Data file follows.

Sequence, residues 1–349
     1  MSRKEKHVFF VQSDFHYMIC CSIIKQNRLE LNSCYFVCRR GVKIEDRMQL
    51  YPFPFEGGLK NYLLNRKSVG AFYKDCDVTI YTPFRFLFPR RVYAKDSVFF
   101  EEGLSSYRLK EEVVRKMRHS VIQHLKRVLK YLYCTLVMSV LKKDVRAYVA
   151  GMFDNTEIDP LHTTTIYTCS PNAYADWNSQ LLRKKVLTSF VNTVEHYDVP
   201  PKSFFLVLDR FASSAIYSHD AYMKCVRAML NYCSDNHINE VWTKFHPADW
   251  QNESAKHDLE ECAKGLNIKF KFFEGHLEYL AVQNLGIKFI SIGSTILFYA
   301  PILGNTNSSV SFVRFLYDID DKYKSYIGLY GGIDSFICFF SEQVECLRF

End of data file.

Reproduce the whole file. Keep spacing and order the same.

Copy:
Sequence, residues 1–349
     1  MSRKEKHVFF VQSDFHYMIC CSIIKQNRLE LNSCYFVCRR GVKIEDRMQL
    51  YPFPFEGGLK NYLLNRKSVG AFYKDCDVTI YTPFRFLFPR RVYAKDSVFF
   101  EEGLSSYRLK EEVVRKMRHS VIQHLKRVLK YLYCTLVMSV LKKDVRAYVA
   151  GMFDNTEIDP LHTTTIYTCS PNAYADWNSQ LLRKKVLTSF VNTVEHYDVP
   201  PKSFFLVLDR FASSAIYSHD AYMKCVRAML NYCSDNHINE VWTKFHPADW
   251  QNESAKHDLE ECAKGLNIKF KFFEGHLEYL AVQNLGIKFI SIGSTILFYA
   301  PILGNTNSSV SFVRFLYDID DKYKSYIGLY GGIDSFICFF SEQVECLRF